The opening to Zoo TV was overwhelming. Sensory overload is the term usually used, and it is totally true. The two times I saw Zoo TV live I was absolutely blown away by the opening, trying to look in every direction at once, trying to hear everything, and knowing that everywhere I was looking there were twenty things happening that I wasn’t seeing. It was wonderful.
Zoo TV Live From Sydney is the definitive version of the Zoo TV tour, of course. Everyone knows it, knows how the songs went and the words that were spoken. U2 is a very rehearsed group, as they have to be, and despite minor changes to set-lists you can just about guarantee what you’re going to see night after night, what Bono is going to say and when he’s going to say it, and so on. This is not necessarily a bad thing, like I said they’re so big they have to do it that way, but it means that this version of the show can stand in for any version that you were actually at. So I can watch and talk about this show, and reminisce about the ones I was at, and probably conflate many of the memories. Curious to see what happens in the Innocence & Experience tour, since the two shows are supposed to be different. How will they release a single concert video? Maybe they’ll do two.
The first time I saw Zoo TV I was near the main stage, about ten people back from in front of Edge. The second time I was by the second stage, just one person between me and the stage. My memory of that is pushing through the crowd to try and get to the front, and having people block me off because of the barrier in the middle (crush barrier I guess, so everyone didn’t rush the stage), and so turning and managing to get so close to the second stage. Ahh, good times.
I always wanted to get the words on screen during The Fly, write them down and put them into a screensaver. Still haven’t checked the Achtung Baby DVDs to see if it’s on there. I’d want to put it on my computer at work though, and then I’d probably get fired.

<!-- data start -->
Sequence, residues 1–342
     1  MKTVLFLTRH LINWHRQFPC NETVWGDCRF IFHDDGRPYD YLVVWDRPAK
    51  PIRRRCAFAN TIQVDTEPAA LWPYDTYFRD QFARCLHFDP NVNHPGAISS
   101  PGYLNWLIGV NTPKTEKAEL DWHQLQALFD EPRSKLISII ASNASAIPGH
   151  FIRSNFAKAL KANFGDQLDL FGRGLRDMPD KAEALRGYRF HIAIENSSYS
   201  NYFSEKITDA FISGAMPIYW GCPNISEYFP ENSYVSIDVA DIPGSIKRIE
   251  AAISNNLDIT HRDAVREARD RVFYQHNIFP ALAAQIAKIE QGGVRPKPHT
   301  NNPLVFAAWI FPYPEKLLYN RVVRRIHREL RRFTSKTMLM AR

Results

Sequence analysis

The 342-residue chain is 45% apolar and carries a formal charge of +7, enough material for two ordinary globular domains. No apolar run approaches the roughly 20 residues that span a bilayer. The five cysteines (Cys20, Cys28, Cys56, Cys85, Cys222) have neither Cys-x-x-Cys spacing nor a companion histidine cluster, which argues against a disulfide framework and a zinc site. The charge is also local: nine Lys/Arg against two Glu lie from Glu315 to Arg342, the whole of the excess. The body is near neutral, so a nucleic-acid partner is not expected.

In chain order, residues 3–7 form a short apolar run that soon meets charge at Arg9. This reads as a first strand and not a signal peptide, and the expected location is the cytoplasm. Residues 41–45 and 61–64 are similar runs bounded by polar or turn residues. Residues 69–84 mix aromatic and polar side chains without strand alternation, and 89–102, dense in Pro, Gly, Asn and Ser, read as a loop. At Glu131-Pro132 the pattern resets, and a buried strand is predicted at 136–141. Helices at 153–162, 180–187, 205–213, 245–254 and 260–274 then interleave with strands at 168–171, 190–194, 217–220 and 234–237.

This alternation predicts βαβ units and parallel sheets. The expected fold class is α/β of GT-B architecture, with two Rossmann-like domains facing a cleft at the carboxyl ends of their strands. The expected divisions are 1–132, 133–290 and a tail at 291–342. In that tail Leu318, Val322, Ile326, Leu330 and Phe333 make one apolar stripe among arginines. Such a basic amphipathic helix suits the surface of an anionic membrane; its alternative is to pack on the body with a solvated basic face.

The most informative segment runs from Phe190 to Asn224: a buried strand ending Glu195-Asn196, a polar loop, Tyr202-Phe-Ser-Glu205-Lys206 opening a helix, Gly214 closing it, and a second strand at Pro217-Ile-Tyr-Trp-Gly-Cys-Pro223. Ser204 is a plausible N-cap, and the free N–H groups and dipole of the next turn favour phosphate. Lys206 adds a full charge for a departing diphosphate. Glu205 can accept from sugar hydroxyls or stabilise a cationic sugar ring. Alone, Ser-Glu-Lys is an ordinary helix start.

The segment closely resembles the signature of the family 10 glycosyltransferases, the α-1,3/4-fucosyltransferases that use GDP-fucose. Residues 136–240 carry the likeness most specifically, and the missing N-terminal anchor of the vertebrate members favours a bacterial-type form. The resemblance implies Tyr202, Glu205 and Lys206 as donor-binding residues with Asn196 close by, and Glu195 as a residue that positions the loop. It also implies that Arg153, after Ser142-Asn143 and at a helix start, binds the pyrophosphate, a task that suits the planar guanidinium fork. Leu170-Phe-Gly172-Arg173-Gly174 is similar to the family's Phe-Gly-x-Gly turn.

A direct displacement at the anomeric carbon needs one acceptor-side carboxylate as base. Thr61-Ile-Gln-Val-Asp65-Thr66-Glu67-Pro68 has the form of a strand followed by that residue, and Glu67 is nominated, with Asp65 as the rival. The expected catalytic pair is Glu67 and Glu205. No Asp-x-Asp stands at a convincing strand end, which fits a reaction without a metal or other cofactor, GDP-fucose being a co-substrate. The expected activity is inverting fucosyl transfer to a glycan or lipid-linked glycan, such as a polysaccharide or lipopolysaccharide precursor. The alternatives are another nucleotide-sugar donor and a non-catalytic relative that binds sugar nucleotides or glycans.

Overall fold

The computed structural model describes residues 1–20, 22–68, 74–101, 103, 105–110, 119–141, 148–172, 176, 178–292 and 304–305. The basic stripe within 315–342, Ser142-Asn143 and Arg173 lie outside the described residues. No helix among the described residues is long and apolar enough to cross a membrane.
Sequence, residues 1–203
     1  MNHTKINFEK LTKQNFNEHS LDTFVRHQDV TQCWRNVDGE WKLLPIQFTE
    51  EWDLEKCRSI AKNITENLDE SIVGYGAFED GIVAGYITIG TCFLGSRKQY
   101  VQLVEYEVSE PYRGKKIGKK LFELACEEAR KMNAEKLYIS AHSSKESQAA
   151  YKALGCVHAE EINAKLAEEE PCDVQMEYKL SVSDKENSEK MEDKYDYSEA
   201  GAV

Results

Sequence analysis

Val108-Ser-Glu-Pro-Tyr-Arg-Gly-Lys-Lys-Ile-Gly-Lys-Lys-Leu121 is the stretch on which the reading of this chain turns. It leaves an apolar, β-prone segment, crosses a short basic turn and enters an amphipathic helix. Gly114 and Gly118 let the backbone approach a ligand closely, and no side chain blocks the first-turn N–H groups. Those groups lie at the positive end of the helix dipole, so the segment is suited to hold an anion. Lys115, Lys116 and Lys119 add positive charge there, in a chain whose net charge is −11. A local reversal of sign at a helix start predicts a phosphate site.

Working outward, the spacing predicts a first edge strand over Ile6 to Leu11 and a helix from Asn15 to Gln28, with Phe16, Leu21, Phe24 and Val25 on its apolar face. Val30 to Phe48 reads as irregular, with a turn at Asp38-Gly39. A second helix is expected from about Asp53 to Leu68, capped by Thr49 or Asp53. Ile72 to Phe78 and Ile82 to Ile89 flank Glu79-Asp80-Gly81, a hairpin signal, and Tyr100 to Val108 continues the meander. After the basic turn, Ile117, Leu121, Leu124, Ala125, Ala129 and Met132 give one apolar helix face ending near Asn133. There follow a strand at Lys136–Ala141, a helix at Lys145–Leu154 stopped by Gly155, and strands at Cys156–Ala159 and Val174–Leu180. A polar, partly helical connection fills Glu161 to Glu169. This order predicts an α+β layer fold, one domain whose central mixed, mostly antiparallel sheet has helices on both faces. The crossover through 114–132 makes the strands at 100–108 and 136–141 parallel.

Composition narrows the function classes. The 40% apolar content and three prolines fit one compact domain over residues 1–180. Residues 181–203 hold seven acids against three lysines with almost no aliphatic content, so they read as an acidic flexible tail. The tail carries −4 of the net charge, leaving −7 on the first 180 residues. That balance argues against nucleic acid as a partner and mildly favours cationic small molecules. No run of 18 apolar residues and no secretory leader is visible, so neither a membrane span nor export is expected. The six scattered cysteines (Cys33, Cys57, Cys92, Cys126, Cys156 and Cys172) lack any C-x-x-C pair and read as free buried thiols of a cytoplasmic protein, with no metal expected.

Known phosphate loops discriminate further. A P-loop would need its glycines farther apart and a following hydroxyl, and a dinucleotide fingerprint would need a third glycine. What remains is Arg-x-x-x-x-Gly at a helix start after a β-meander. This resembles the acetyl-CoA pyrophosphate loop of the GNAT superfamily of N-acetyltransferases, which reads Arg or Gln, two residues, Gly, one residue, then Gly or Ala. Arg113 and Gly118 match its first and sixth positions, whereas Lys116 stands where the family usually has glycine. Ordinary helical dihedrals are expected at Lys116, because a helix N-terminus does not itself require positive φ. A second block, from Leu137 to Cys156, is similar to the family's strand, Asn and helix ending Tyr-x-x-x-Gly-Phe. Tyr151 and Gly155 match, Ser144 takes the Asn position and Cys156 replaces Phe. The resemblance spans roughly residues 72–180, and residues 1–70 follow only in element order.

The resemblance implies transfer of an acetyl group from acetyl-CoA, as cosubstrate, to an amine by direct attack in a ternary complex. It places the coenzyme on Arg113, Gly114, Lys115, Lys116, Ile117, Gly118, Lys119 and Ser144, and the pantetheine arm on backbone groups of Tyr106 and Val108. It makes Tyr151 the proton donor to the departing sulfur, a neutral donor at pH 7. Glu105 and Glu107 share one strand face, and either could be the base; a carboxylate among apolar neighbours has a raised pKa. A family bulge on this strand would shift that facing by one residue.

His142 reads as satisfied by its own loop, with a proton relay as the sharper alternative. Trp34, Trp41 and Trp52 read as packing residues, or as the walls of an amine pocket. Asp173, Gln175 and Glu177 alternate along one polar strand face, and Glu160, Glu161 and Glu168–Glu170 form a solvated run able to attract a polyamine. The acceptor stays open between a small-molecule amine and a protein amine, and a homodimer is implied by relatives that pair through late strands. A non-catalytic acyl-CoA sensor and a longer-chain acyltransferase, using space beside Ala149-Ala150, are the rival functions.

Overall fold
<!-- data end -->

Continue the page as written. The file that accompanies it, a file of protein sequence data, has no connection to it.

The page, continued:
In real life the stage is so much bigger than it appears on tv. Long shots during the show suggest that they are ants way in the distance, but that’s not true at all. If you’ve ever been to any sporting event you know what I’m talking about, that the field looks much larger in person than it ever did on tv.
I’m not a big fan of Numb, but it’s good to see Larry get some singing time, breaking out of his shell a little. I think Bono is offstage for this song, right? His lyrics are taped I assume, since you never see him during the song. Which means that it really is scripted, because if it’s a tape you have to match it exactly. Let alone that if you have such a video extravaganza you can’t go off script too much because you’ll lose sync with the video.
Are there any definitive versions of songs on this video? Angel of Harlem certainly. I guess any songs not shown anywhere else would have to be definitive. Dirty Day is, and it’s a really good version too. The entire flashing of lights and banging of drums really has things pumping. Running To Stand Still I love, but the definitive version is still Rattle And Hum. Of course the whole thing is definitive for the Achtung Baby/Zooropa period in the band’s history. Which leads me to the last part of the show, with the uniform changes for the band - those blue military outfits, I don’t remember the point of those - and then Bono as a devil. Mr MacPhisto. I hope he looks back at that and cringes, I certainly do. He had a point to it at the time. It’s creepy now though. Amusing. Not quite so fun when it’s close up like that, better with a little distance.
It’s not a live show - in person live, I mean - but it’s the next best thing. As everyone knows, U2 live is the best show in the world, so this is close to the top of the ratings. Highly recommended for anyone interested in this period, and for any U2 fan anywhere.
And so to the unanswered question: What did the first punk rock girl wear to school?
My rating for Zoo TV Live From Sydney: 9 / 10